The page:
April 16, 2013
His Excellency, Pierre Nkurunziza
President of the Republic of Burundi
Via Email: [email protected]
Dear President Nkurunziza,
We are writing to bring to your attention restrictive amendments to Burundi’s 2003 Press Law that were passed in the National Assembly on April 3. The bill will go before the Senate and if passed, will soon come to you for confirmation. We ask that you use the power of your office to reject this severely restrictive bill, thus reaffirming your government’s commitment to press freedom.
We believe the bill is an affront to the Burundi Constitution, which proudly upholds freedom of expression. Burundi is also a signatory to the African Charter on Human and People’s Rights, which gives its citizens the right to seek, receive, and impart information and ideas as enshrined in the Universal Declaration of Human Rights. These principles would be severely restricted by the amendments, which would grant the government broad powers to restrict news coverage and force journalists to reveal their sources. These measures severely inhibit the press from informing citizens about issues of public interest, such as corruption and security.
To support democracy and good governance in Burundi, the press must have the freedom to report, without fear of intimidation, on issues the government may not want to hear. We believe certain articles in particular violate Burundi’s constitutional standards and international standards of freedom of expression:
Article 16 forces journalists to disclose their sources to authorities when reporting on threats to public order, national security, or “the moral and physical integrity of one or more persons.” This article would send a chilling warning to any citizen who wishes to expose corruption or express a different point of view through the media: that their identity could not be protected.
Article 18 grants the state unchecked authority to ban publication of any information it deems detrimental based on broad concepts such as national security, public safety, morality, and the national economy.
Article 19 suspends the right to publish information in the public interest, giving the state total control to determine what information the public may receive regarding, among other things, national security, public safety, the economy, and anything that may undermine the honor of the state, the head of state, and public officials.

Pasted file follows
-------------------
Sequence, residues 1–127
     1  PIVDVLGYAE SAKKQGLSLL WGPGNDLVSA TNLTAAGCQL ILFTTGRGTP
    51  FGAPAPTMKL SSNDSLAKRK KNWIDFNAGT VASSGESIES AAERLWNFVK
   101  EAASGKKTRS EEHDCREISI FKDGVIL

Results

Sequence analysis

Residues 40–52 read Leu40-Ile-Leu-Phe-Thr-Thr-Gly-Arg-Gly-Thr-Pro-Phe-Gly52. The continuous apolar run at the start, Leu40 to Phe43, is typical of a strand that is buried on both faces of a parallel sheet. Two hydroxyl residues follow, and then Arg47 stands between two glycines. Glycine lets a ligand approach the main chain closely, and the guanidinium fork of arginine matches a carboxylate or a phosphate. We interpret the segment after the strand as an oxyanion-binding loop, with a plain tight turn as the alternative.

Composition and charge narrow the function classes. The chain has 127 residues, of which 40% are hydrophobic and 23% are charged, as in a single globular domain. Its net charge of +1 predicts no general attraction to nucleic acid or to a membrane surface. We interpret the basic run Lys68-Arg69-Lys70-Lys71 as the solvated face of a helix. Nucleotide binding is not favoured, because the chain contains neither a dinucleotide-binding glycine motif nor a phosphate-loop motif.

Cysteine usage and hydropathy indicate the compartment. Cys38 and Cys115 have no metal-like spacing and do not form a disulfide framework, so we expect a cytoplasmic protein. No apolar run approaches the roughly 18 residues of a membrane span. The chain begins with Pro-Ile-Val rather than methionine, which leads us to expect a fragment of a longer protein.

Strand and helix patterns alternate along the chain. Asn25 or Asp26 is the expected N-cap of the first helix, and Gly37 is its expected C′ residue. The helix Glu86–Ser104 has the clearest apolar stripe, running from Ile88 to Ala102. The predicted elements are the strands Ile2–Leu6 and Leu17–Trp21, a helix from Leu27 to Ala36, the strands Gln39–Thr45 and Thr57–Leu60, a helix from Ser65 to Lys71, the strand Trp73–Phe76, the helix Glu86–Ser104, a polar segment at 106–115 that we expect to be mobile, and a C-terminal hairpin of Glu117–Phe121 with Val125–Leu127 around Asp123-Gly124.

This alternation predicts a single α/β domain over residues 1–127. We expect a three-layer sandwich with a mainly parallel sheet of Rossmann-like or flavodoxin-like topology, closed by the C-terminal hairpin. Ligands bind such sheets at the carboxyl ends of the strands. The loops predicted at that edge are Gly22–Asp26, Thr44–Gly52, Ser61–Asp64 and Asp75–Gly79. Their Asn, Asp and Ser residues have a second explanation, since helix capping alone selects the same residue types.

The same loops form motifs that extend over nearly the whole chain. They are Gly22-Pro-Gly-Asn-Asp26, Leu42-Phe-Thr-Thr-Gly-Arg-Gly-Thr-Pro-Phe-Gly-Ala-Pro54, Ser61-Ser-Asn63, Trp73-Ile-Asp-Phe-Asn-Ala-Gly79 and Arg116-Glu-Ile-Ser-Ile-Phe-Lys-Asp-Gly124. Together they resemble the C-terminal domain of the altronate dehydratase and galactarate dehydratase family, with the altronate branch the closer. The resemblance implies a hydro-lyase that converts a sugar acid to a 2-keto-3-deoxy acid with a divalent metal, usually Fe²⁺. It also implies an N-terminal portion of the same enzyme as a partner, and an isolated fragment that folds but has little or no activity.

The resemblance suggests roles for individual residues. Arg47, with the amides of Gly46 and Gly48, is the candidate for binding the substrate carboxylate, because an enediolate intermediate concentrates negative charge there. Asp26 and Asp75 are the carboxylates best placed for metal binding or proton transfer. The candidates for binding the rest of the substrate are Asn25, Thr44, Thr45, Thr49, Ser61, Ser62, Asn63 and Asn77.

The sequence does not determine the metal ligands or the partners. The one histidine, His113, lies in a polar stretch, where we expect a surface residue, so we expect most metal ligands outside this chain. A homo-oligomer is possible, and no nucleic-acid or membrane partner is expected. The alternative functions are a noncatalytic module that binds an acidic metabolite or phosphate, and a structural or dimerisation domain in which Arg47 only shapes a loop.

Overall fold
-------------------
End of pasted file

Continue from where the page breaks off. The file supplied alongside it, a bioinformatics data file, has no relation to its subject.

According to the bill, critical coverage of state security or the national economy could potentially lead to a maximum prison sentence of five years for a journalist and fines of up to 8 million Burundian Francs (more than US$5,000). Furthermore, the bill allows the state-run National Council for Communication to control news coverage by giving it the authority to issue press cards and accreditation to journalists wishing to cover events. The council already has a history of temporarily suspending news outlets in response to critical coverage, CPJ research shows.
Your Excellency, enactment of this legislation will erode the progress Burundi has made to foster a robust and independent news media, which is a critical precondition for an informed electorate and the development of a vibrant democracy. In the interests of strengthening development and respecting human rights in your country, we appeal to you to reject any attempts to pass this bill into law in its current form.
H.E. Thérence Sinunguruza, First Vice-President
Hon. Gabriel Ntisezerana, President, Senate
Hon. Pie Ntavyohanyuma, Speaker, National Assembly
Eduard Minani, Minister of Justice
Leocadie Nihazi, Information Minister
Parfait Onanga-Anyanga, Special Representative of the U.N. Secretary-General in Burundi
H.E. Pamela J. H. Slutz, Ambassador of the United States to the Republic of Burundi
H.E. Jean Lamy, Ambassador of France to the Republic of Burundi
H.E. Marc Gedopt, Ambassador of Belgium to the Republic of Burundi
H.E. Jolke Oppewal, Ambassador of the Netherlands to Burundi
Stéphane De Loecker, head of the European Union Delegation to Burundi
Alexandre Niyungeko, President, Burundi Union of Journalists
Denise Mugugu, President, Maison de la Presse du Burundi
Pacifique Nininahazwe, Delegation General, Forum for the Reinforcement of Civil Society